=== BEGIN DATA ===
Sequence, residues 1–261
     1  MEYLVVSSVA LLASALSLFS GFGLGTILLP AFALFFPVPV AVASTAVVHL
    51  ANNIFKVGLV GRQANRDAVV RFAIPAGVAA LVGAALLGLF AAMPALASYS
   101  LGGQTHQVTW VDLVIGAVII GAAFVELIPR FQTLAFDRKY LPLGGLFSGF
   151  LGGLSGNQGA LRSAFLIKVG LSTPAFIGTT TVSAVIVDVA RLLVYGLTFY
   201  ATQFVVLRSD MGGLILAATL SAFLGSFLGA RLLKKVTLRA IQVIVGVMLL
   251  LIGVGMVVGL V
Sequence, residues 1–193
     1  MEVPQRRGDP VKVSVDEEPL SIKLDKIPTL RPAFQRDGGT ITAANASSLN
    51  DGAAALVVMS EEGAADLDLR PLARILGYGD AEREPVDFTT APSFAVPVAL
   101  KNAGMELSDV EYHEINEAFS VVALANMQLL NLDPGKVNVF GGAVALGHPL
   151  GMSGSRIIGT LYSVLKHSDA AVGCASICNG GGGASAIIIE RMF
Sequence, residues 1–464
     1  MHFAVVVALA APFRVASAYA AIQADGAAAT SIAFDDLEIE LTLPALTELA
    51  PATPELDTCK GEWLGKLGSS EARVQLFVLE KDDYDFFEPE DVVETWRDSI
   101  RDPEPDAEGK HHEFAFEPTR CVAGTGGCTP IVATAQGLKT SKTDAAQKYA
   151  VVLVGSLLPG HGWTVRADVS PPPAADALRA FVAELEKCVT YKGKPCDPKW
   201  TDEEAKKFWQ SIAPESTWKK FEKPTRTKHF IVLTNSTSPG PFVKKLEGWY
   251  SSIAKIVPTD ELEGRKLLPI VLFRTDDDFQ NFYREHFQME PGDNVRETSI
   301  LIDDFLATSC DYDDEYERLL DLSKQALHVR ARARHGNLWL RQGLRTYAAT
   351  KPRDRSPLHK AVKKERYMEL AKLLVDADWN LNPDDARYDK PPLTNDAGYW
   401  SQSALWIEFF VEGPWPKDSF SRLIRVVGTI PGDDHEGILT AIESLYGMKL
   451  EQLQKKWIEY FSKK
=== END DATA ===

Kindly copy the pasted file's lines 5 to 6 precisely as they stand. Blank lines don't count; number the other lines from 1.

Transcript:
   151  LGGLSGNQGA LRSAFLIKVG LSTPAFIGTT TVSAVIVDVA RLLVYGLTFY
   201  ATQFVVLRSD MGGLILAATL SAFLGSFLGA RLLKKVTLRA IQVIVGVMLL